Here is the good news for our life puzzles: God has provided a fix for our hearts. The cross of Jesus Christ fits within that hole. We simply have to accept the gift of grace and allow Jesus in. So as you continue on the journey that is your life, remember that God is pursuing each of us—seeking a relationship with us—seeking to restore our hearts and to make us whole.

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Good all the time



By Ronnie McBrayer

By Ronnie McBrayer

A.W. Tozer once wrote, “What comes into our minds when we think about God is the most important thing about us.” I can hardly disagree. Our perception of God shapes our character and actions like little else.

So it’s no wonder that some people are the way they are: loving, helpful, sacrificial, kind, and giving. They think of God this way. But on the other hand, some religious people are angry, suspicious, unforgiving, and murderous. These folks, in turn, think of God in these terms and it shows.

By way of example, I have a friend whose thinking about God is sadistic. God, for her, is an always lurking bogeyman who must be continually appeased. He is vicious and eager to rub out a groveling sinner (or an entire city) if it suits him.

Thus, she lives in fear of God and inflicts her angst on everyone around her. Recently, however, I connected the dots between her thinking about God and the relationship she had with her father, when in an unguarded moment she told a forbidding story.

She was a child, and her father came home drunk, as usual. In his stupor he pulled a revolver from his pocket and called his daughter over to his lap. He cuddled her in his arms and then placed the revolver against the back of her head.

“I could blow your brains out right now,” he whispered. Then he put the gun aside and held her close again, only to return to the gun and the threat again and again over the space of the evening. One moment he was loving, and the next he had a gun barrel pushed against her skull.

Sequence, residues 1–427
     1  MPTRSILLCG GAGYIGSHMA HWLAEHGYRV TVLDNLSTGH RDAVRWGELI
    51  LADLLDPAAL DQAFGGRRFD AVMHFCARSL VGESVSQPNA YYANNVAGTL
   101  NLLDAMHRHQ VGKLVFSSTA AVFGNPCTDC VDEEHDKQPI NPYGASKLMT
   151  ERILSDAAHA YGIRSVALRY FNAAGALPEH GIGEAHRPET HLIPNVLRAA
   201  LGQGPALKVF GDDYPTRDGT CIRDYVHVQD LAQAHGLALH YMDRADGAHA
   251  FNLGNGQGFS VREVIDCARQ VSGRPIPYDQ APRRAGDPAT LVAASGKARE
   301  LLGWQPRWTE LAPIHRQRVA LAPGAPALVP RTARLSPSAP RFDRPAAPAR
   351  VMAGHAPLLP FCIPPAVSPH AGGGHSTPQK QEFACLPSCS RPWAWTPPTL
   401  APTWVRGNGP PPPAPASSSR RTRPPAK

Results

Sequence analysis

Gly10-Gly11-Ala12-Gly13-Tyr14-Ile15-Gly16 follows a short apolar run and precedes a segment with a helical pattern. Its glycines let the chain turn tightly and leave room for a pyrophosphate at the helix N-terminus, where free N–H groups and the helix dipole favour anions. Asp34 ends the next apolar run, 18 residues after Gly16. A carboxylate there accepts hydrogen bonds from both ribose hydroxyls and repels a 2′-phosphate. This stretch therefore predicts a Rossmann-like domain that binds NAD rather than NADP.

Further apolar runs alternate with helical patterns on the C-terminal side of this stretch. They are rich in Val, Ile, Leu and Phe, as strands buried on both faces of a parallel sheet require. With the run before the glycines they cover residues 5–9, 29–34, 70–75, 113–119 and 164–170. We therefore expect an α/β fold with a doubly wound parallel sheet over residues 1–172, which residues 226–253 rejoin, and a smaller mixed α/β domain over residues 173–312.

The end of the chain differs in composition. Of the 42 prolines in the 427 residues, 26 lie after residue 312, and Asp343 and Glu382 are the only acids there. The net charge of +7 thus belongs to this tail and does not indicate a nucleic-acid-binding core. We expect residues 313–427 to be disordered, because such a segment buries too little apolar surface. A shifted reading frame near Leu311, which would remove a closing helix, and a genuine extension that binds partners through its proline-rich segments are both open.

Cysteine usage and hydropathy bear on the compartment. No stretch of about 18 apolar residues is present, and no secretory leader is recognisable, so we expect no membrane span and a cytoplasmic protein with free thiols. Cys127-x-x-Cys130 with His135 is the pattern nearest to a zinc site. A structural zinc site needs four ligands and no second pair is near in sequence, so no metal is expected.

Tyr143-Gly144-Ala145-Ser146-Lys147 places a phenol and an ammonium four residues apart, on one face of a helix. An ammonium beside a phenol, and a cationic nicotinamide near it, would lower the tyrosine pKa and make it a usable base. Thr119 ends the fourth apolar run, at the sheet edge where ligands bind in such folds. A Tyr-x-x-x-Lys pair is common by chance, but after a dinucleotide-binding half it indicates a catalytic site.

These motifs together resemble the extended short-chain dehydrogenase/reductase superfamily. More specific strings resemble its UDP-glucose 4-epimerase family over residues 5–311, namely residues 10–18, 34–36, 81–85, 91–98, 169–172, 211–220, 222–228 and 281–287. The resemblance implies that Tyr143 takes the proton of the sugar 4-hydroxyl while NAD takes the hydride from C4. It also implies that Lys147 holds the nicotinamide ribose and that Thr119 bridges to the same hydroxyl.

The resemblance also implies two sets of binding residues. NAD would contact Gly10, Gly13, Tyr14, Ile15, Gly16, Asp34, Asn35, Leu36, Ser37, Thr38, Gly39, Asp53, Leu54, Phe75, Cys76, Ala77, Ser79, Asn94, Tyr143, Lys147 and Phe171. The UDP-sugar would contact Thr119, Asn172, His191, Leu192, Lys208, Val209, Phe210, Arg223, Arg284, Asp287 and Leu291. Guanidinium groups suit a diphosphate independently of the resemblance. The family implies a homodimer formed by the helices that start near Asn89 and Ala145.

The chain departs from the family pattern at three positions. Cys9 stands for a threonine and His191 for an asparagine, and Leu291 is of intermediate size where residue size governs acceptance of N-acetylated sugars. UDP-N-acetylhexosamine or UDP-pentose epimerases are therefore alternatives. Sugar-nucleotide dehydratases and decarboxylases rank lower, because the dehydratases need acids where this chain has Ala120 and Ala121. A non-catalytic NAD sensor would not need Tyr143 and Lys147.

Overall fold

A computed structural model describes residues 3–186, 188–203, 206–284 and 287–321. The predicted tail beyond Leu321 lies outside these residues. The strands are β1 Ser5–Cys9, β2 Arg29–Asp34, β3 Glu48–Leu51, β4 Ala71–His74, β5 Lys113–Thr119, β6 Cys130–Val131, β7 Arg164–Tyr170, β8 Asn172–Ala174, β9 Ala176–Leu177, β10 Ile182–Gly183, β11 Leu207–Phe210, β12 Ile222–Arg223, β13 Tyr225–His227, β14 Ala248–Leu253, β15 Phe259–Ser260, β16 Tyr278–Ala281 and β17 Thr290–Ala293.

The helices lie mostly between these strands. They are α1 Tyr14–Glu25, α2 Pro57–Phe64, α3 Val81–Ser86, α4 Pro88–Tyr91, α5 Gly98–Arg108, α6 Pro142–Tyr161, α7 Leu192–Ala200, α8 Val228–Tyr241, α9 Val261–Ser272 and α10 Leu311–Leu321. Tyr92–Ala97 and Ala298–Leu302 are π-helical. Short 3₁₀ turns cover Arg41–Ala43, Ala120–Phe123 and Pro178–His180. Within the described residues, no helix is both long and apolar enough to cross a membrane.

This type of parenting has caused my friend all types of emotional disturbances over her lifetime, not the least of which is her thinking about God. For her, and I understand why she feels this way, God is just like her drunken father.

The moral and spiritual authority for her life is an erratic, cold-hearted bastard whose words of love are nothing more than an invitation to terror. Her God calls out for his children, takes them into his arms, and then threatens them with violence.

Such a God is unworthy of worship, incapable of being trusted, and impossible to love. Thankfully, such a God doesn’t exist, for Jesus has shown us that God is good, and he’s good all the time.

Ronnie McBrayer is a syndicated columnist, blogger, pastor, and author of multiple books. Visit his website at www.ronniemcbrayer.net.

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Trust and faith in God

Cedar-Christian-ChurchPastor Ryan Black

Cedar Springs Christian Church

340 West Pine Street, Cedar Springs



The Bible tells us that when we put our trust in our Lord Jesus Christ and obey His commandments, we are bound to achieve great and marvelous things through Him. But many of us have been involved in situations that resulted in frustration and disappointment. We thought we had faith in God’s power, only to see the results not go our way. Sometimes, we need a clearer understanding of what faith really is.

Faith is not just a concept that fulfills a mere wish. True faith is complete confidence in the Lord Jesus Christ, which makes us follow His footsteps. (Hebrew 11:1)  In the book of Daniel, we are reminded of Shadrach, Meshach and Abednego, who refused to worship the golden image created by King Nebuchadnezzar. Because of their stand for God, they were thrown into a fiery furnace. In faith, they believed that their God could deliver them. Their perseverance demonstrated the elements that are required of true faith in God and they came out without a single burn. They trusted in God even if things would not have turned out as they had expected.  Faith in Jesus Christ calls for total reliance on Him, even when some things do not always make sense to us. The trio knew they could trust in Him because they understood His nature, which does not change. They understood that God is in control of everything in Heaven and on the earth.

God has given us an opportunity to choose and to decide. Sometimes we are bound to be tested and he again assures us in 1 Corinthians 10:13 that he will never let us be tempted beyond what we can endure. After the great challenges that we must all undergo, we can be victorious and emerge as stronger men and women of God. It’s not necessary that we go looking for trials and tribulations. They will find us. But when faced with them, our Heavenly Father gives us strength to overcome.